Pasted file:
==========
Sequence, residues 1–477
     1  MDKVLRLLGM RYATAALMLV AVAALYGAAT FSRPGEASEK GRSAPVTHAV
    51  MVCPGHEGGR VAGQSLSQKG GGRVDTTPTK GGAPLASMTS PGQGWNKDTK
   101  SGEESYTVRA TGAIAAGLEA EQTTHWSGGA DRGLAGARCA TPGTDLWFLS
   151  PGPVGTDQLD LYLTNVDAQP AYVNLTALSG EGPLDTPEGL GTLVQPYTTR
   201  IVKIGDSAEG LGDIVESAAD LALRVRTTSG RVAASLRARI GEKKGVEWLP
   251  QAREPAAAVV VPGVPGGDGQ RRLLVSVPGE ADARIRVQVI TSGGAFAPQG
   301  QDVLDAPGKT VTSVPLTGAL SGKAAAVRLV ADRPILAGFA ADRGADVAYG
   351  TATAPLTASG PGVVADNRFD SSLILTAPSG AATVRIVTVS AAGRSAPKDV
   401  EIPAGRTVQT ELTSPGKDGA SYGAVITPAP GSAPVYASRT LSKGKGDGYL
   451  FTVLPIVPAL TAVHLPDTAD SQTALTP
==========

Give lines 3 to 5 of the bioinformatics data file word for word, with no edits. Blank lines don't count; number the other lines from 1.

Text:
    51  MVCPGHEGGR VAGQSLSQKG GGRVDTTPTK GGAPLASMTS PGQGWNKDTK
   101  SGEESYTVRA TGAIAAGLEA EQTTHWSGGA DRGLAGARCA TPGTDLWFLS
   151  PGPVGTDQLD LYLTNVDAQP AYVNLTALSG EGPLDTPEGL GTLVQPYTTR